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Exhibition in Marseille emphasizes the different facets of artist-architect Le Corbusier
A visitor looks at a painting by Le Corbusier included in the exhibition "La question du brutalisme" in Marseille. The exhibition opened on October 11 and lasts until the end of December. AFP PHOTO / BORIS HORVAT.

MARSEILLE.- To mark the re-opening of the J1 maritime hangar, Marseille-Provence 2013 presents the major exhibition Le Corbusier and Brutalism.

After Mediterraneans. From Yesterday’s Cities to Today’s Men, an exhibition which welcomed close to 112 000 visitors between January 12 and May 26, Marseille-Provence 2013 celebrates one of the most esteemed architects of the 20th century: Charles-Édouard Jeanneret-Gris, better known by his pseudonym Le Corbusier.

The man who inspired the concept of the Unité d’Habitation – the Housing Unit - was born in Switzerland in 1887, received his French citizenship in 1930, and died in the south of France in 1965. During his prolific career, Le Corbusier designed 70 buildings on three continents and wrote numerous books on architecture and its theory. For the general public, Le Corbusier is known as ‘the concrete architect’ because after World War II he embraced the material and its unrefined - or ‘brut’ in French - surfaces. Critics baptized the work as ‘brutalist’ and an architectural movement was born.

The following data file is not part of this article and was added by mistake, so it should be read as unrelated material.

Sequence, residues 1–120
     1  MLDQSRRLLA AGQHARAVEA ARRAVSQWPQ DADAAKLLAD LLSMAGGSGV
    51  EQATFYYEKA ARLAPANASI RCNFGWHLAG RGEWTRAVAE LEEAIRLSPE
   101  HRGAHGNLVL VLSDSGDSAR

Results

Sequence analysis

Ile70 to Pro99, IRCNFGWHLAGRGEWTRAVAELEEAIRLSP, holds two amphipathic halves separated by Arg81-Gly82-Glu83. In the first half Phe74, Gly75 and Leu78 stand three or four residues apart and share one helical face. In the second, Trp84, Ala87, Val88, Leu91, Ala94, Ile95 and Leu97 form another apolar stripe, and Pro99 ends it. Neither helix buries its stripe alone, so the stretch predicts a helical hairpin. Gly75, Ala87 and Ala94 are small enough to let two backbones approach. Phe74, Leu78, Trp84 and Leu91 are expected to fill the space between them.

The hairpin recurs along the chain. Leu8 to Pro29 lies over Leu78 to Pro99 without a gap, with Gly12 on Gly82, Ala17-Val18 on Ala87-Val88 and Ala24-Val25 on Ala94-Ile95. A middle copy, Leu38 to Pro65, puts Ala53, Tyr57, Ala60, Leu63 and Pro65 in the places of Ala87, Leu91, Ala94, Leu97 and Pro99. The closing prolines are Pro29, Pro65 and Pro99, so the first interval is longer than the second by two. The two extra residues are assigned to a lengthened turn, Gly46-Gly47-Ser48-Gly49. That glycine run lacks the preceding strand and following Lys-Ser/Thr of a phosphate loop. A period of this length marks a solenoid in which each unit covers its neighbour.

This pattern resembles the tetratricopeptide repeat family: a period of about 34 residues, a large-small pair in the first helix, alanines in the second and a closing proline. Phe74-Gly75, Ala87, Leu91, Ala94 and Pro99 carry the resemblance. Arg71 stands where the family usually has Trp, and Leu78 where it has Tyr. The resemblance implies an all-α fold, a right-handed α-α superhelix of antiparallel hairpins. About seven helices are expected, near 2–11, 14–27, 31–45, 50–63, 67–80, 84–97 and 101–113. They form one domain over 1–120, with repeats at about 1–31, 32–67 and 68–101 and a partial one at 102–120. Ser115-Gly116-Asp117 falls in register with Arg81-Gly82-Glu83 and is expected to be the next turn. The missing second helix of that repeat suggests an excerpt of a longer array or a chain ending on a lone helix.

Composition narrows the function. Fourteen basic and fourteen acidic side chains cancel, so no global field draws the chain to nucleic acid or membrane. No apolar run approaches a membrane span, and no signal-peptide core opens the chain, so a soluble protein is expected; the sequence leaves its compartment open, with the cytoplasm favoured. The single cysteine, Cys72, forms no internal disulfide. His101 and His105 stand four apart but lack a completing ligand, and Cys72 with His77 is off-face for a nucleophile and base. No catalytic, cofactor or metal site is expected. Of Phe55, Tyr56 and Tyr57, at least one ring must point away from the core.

The exhibition emphasizes the different facets of this unique artist-architect who along with his design work also pursued drawing, urbanism, painting, and sculpture. Fascinated by the Mediterranean, Le Corbusier was attracted by the cosmopolitan nature of Marseille and his multiple connections to the city are explored in the exhibition.

Le Corbusier and Brutalism covers the period from 1935 to 1965 and presents more than 250 of the architect’s works: 133 original blueprints, 54 drawings and sketches, 33 paintings, 14 sculptures, 10 enamels, 4 tapestries, and 19 architectural models, as well as close to 100 photographs taken at Le Corbusier’s building sites.

Jacques Sbriglio, the renowned Marseille architect who curated the exhibition, notes that it has been staged « to render homage to the exploits of Le Corbusier, not to exploit his reputation … the staging of Le Corbusier’s oeuvre takes advantage of the white space and uses the openings to the outside to introduce the light and sun that are so particular to Marseille.’

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